Illustrator Uncredited. Golden Funtime Punch-Out. A television that looks sort of like a radio. The puppet is the point. 1962.

Fran Allison with Kukla and Ollie. Circa 1950. 

The Hollings (Holling C. Holling and Lucille Webster Holling), Netting Fish, in Children of Other Lands, Platt & Munk, 1929. 

The Hollings (Holling C. Holling and Lucille Webster Holling), detail, title page, Children of Other Lands, Platt & Munk, 1929. 

Godspeed, Father (A Colonel in Clover Update)

Added on by Doug Dowd.

I wrote this post, about the first of the David Dudley Dowds, twenty-two months ago. Our father was the fourth David D. Dowd. Today I add to it, in a spirit of mournful celebration. Our father has died at the age of 87. 

Dad was born on January 31, 1929 and passed on–not away–at three o'clock in the morning on August 4. A constellation of my siblings and I were able to be with Mom and Dad in Naples, Florida from the day his leukemia was detected. From diagnosis to the end took three weeks to the day. He suffered no pain. Dad was grateful for a productive life and his "beautiful family," as he referred to us.

Dad was born in Cleveland and grew up in Massillon, Ohio. He graduated from Washington High School (1947), and attended the College of Wooster (1951) and the University of Michigan Law School (1954). He served in the U.S. Army in the Judge Advocate General's Corps in Germany (1955-1957). He went on to a career in public service that included stints as a city councilman, county prosecutor, Ohio Court of Appeals Judge, Ohio Supreme Court, and a Federal District Court Judge (Northern District of Ohio) for the longest stretch of his career, from 1982 to 2014–when he retired at 85! 

A number of obituaries have appeared in the Ohio press, including the Akron Beacon Journal, The Cleveland Plain Dealer and the Canton Repository. They capture aspects of his person and his work well. 

There will be a memorial service for him in the church he grew up in, Central Presbyterian in Massillon, on August 20 at 10:30 AM. His ashes will be interred in the ancestral graveyard in Seville, Ohio, along with his forebear, Colonel David Dudley Dowd No. 1 (about whom much more, below.) 







The grief is fresh. At the moment, I have but this to say: our dad was an extremely capable and hardworking person, whose devotion to the law was fierce. But above all he argued a brief for a surpassing decency. Once when young I conveyed an unattractive pride in my own abilities in his presence. I have never forgotten his ungentle rebuke. "Douglas," he said, "don't be so sure of yourself. There is always somebody smarter, or stronger, or faster, or more talented. Always." This from a college valedictorian. He went on to stress that it's what a person does with what he's given that defines him. Stay humble, and get busy making something of yourself, he effectively commanded.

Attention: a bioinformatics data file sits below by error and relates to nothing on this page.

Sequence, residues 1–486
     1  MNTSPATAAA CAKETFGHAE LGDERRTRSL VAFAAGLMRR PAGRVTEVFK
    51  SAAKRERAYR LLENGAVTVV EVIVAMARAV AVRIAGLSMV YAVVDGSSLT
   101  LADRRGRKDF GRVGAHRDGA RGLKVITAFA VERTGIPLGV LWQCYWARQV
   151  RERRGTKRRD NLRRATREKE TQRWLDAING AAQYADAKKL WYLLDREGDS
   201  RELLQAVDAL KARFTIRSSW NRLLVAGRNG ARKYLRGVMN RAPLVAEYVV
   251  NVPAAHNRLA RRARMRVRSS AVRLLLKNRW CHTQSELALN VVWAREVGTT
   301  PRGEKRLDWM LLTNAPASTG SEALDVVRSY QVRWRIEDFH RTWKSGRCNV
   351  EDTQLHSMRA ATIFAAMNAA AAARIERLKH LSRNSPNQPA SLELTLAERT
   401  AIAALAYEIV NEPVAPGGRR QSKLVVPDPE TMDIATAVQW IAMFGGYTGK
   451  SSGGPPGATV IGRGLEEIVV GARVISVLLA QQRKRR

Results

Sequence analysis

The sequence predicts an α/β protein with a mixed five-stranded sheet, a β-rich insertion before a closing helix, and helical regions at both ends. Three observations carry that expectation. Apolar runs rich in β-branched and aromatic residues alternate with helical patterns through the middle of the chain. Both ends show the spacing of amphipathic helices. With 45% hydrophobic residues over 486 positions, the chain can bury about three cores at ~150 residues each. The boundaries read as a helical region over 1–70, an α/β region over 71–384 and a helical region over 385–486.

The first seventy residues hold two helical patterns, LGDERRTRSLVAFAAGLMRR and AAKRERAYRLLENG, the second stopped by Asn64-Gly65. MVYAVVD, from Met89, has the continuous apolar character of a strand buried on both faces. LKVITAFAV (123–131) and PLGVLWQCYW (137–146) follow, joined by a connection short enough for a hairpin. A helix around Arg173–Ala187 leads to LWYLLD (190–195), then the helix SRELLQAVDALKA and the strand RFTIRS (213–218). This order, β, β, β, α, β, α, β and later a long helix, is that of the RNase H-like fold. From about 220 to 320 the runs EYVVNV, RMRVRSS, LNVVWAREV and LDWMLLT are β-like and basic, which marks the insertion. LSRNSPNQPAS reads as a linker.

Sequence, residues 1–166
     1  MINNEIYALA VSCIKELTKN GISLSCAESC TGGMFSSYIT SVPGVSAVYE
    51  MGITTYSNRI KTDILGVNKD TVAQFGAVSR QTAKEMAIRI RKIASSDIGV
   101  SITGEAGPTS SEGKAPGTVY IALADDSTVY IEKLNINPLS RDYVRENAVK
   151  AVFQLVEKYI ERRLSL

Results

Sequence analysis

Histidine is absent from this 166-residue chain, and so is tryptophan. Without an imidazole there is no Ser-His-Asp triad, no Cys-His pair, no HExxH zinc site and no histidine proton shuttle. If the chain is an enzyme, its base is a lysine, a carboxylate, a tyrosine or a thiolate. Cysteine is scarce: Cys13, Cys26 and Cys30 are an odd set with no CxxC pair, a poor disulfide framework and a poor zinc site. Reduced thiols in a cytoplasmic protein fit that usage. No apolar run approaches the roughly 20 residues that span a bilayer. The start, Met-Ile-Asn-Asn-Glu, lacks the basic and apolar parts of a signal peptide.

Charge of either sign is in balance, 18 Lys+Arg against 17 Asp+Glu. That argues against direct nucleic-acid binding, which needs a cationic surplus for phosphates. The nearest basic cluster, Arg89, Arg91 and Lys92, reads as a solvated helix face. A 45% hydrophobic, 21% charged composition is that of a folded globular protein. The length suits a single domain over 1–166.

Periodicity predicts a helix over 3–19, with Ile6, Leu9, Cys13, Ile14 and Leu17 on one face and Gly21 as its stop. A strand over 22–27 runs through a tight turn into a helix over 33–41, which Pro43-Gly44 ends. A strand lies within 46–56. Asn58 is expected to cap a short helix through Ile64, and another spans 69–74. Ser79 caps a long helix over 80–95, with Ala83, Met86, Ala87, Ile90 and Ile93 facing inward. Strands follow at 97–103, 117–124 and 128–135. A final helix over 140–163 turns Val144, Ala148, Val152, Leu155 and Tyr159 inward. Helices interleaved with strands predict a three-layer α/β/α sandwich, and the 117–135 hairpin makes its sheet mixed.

I have thought a lot about that credo over the years. Intelligence and talent are value-neutral. They're like having blue eyes or being left-handed. They have nothing to do with goodness and decency and moral grounding. Attorney Kevin McDonald–fellow Kenyonite, Kokosinger of slightly older vintage, and friend–represented a client in a massive eight-month trial before my dad in 1983-84. He sent a very gracious email to me yesterday. "Your Dad," he wrote, "was a great judge who could not hide that he was a fine person as well."

Well said.

Careers can be wonderful things, and we are grateful for the many appreciations of Dad's work on the court which continue to appear. As his son, however, I admire his commitment to fairness, his willingness to do whatever it took, and the way he conducted himself as a person above all else. He was a great steward in the biblical sense of the term–as were his beloved brothers Jack and Jim, the latter of whom survives him.  



Below, some colorful family history, illustrated.




October 2014. My older brother's name is David Dudley Dowd. So is my father's. I have a nephew by that name, and my grandfather answered to it, too. His father, "Dud," was the second, sire of the first. But for the virile dotage of "the Colonel," the progenitor, none of us would have walked the earth.